20 months on - I don't see anyone mentioning a method that helps me in extreme cases. You do have to be more than averagely committed (or obsessed) or to come more than averagely prepared.
Use of a dark "hood" over head and camera so you are sealed in your own dark space on your side of the glass will almost completely eliminate the reflections which are otherwise almost impossible to deal with. Taking off your coat or jacket and draping it over your head and sealing it against the glass at the edges works wonders. A proper hood to do the job could be designed to fit just outside the lens - but I've never been prepared enough yet to manage that. The coat etc could be arranged to just seal the camera and lens area against the glass but whole-head plus camera seems easier to manage.
No need to worry about other people looking askance - you can't see them :-).
You may have to weather some curious glances when you emerge.
I've found that most onlookers seem to understand well enough what you are trying to achieve that you don't get adverse comments. Accompanying friends may be less kind.
Related: For looking INTO glass rather than out, such as display cases, getting close to the glass, using a flash and having the camera at a shallow angle (well under 45 degrees) relative to the plane of the glass yields amazingly good results. With a little care and practice the glass can become completely inobvious - in many cases producing results which few expect when objects are in display cases.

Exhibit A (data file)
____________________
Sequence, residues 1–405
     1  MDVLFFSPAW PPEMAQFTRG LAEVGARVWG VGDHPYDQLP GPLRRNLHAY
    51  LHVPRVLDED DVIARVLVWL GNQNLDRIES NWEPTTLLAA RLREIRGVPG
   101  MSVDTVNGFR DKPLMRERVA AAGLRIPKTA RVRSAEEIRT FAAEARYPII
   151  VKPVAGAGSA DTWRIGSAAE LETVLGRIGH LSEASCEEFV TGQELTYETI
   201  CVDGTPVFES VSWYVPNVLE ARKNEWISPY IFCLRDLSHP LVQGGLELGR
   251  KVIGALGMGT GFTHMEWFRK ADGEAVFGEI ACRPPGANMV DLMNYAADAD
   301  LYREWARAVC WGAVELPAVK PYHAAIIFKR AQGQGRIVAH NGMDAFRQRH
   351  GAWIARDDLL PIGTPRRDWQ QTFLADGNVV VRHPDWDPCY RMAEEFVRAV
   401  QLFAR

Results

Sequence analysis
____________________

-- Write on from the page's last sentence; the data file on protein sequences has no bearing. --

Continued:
Purposeful use of reflections:
Inside-outside: In the case of shop windows, display cases and when looking out,some "fun" shots can be achieved by making purposeful use of inside-outside subject mixes , mixing up reflections, foreground outside the glass and interior material in the one image. On occasion one can achieve images where it is extremely hard to determine what is where. A very good result if it's what you intend - not so good if it wasn't what you were aiming for :-). Image technical quality is liable to not be stunning due to the varied mix of light, focus points, reflections (of course) and more - but can be fun.
Two examples. Both these were purposeful. Out of camera apart from usual colour etc tweaks ie no use of multiple images, layers etc.
Not the ultimate examples (I'd say that, of course :-) ) but to hand - and give an idea of the 'fun' that can be had.